The paper provides a survey of novel mission concepts for continuous, hemispheric polar observation and direct-link polar telecommunications. It is well known that these services cannot be provided by traditional platforms: geostationary satellites do not cover high-latitude regions, while low- and medium-orbit Sun-synchronous spacecraft only cover a narrow swath of the Earth at each passage. Concepts that are proposed in the literature are described, including the pole-sitter concept (in which a spacecraft is stationary above the pole), spacecraft in artificial equilibrium points in the Sun-Earth system and non-Keplerian polar Molniya orbits. Additionally, novel displaced eight-shaped orbits at Lagrangian points are presented. For many of these concepts, a continuous acceleration is required and propulsion systems include solar electric propulsion, solar sail and a hybridisation of the two. Advantages and drawbacks of each mission concept are assessed, and a comparison in terms of high-latitude coverage and distance, spacecraft mass, payload and lifetime is presented. Finally, the paper will describe a number of potential applications enabled by these concepts, focusing on polar Earth observation and telecommunications.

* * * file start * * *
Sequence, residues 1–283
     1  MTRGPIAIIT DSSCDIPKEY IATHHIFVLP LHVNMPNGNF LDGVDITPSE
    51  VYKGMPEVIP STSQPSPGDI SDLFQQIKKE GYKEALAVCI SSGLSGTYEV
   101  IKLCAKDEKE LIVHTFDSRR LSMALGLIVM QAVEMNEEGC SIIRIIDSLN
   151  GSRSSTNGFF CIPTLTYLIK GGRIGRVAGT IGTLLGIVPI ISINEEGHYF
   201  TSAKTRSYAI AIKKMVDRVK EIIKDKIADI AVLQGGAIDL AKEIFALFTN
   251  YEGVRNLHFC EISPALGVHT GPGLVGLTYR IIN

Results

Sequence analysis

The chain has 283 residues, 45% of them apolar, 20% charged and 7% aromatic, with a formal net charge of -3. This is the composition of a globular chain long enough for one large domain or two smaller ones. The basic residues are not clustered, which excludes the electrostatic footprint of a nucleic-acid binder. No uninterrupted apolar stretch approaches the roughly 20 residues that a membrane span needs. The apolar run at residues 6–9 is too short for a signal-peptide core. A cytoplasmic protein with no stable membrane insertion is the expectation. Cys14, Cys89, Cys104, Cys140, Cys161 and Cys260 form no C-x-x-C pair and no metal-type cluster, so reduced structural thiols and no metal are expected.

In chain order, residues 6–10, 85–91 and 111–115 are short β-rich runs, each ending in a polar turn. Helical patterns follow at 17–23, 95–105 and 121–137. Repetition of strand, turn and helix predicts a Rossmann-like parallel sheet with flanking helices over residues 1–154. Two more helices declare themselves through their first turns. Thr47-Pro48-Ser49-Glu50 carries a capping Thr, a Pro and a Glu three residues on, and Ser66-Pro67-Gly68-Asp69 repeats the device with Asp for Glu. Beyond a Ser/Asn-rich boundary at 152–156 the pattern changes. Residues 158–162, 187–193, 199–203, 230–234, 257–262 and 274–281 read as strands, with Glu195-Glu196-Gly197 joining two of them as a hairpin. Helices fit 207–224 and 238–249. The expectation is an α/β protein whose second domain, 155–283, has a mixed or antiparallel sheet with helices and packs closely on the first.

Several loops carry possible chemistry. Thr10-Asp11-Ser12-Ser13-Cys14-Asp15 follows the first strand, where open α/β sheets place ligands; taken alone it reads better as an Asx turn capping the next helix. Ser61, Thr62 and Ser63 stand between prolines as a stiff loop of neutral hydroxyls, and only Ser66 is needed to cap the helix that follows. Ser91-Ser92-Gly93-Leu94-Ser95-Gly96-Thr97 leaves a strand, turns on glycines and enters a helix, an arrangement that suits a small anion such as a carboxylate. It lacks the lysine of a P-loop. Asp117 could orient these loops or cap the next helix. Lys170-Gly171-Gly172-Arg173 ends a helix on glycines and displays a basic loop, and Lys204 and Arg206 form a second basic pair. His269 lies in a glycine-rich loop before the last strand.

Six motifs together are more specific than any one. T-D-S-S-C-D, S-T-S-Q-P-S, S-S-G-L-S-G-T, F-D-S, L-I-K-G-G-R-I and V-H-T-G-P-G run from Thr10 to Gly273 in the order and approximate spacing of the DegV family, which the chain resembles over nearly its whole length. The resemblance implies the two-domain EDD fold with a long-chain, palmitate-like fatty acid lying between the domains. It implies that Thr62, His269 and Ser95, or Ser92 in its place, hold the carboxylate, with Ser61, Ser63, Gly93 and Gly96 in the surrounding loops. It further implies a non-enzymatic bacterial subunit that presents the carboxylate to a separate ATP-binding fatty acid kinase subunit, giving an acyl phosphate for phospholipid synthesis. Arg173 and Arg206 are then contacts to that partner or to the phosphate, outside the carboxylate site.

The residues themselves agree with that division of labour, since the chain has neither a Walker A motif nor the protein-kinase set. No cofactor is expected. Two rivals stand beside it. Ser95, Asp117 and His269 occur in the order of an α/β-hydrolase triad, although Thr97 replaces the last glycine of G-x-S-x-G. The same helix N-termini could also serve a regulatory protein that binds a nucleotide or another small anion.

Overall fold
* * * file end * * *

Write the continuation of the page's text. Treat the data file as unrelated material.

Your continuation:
|Number of pages||17|
|Publication status||Published - 3 Oct 2011|
|Event||62nd International Astronautical Congress 2011 - Cape Town, South Africa|
Duration: 3 Oct 2011 → 7 Oct 2011
|Conference||62nd International Astronautical Congress 2011|
|Period||3/10/11 → 7/10/11|
- Earth observation
- high-latitude observation
- space mission concepts
Ceriotti, M., McInnes, C., & Diedrich, B. (2011). The pole-sitter mission concept: an overview of recent developments and possible future applications. Paper presented at 62nd International Astronautical Congress 2011, Cape Town, South Africa.